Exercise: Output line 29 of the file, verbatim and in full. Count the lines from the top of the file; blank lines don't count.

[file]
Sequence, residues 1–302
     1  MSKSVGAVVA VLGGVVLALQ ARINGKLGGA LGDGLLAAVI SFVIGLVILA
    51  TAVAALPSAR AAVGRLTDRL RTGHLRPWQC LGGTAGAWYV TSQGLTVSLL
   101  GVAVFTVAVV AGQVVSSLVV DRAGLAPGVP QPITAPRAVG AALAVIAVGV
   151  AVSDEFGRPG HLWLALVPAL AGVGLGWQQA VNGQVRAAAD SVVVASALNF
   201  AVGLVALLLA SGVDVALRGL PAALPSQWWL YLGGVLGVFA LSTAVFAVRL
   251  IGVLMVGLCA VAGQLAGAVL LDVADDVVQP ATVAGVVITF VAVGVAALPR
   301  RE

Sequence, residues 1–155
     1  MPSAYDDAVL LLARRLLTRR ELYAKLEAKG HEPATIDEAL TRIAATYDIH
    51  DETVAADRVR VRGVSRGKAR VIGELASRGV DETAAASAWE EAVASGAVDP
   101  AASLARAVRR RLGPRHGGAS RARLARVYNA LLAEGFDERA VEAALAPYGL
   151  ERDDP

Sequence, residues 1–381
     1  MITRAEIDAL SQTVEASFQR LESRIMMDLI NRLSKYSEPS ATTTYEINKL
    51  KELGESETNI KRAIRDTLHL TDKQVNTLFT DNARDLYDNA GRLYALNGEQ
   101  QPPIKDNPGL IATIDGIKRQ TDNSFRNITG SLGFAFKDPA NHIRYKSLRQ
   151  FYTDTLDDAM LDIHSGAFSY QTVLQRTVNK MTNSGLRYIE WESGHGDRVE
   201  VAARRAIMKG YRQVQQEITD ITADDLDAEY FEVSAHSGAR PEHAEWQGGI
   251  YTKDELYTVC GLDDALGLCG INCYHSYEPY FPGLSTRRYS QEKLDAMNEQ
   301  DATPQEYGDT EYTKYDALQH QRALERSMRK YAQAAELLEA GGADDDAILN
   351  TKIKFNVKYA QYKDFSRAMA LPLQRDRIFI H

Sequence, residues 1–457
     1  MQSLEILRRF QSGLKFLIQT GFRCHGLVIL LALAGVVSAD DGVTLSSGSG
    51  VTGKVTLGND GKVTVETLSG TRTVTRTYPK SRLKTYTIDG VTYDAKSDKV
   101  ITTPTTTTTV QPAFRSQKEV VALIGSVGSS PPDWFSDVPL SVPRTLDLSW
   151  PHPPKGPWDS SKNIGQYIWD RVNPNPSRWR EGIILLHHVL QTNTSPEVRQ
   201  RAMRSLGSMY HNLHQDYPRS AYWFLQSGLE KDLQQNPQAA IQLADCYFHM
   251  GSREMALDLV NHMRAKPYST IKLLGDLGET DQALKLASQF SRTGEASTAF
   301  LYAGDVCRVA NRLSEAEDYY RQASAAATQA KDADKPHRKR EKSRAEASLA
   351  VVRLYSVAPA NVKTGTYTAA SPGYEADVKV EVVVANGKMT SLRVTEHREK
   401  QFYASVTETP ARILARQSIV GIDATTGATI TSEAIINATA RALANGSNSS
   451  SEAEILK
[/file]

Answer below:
   251  GSREMALDLV NHMRAKPYST IKLLGDLGET DQALKLASQF SRTGEASTAF